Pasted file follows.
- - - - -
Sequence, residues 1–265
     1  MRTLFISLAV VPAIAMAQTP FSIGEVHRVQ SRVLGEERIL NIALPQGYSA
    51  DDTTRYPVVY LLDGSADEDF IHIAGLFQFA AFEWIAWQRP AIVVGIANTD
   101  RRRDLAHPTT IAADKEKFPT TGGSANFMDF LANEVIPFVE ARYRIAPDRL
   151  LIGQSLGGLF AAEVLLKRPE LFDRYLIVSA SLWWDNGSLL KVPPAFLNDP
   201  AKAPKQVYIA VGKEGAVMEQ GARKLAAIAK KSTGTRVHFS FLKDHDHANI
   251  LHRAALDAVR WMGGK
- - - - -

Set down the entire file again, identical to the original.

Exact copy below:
Sequence, residues 1–265
     1  MRTLFISLAV VPAIAMAQTP FSIGEVHRVQ SRVLGEERIL NIALPQGYSA
    51  DDTTRYPVVY LLDGSADEDF IHIAGLFQFA AFEWIAWQRP AIVVGIANTD
   101  RRRDLAHPTT IAADKEKFPT TGGSANFMDF LANEVIPFVE ARYRIAPDRL
   151  LIGQSLGGLF AAEVLLKRPE LFDRYLIVSA SLWWDNGSLL KVPPAFLNDP
   201  AKAPKQVYIA VGKEGAVMEQ GARKLAAIAK KSTGTRVHFS FLKDHDHANI
   251  LHRAALDAVR WMGGK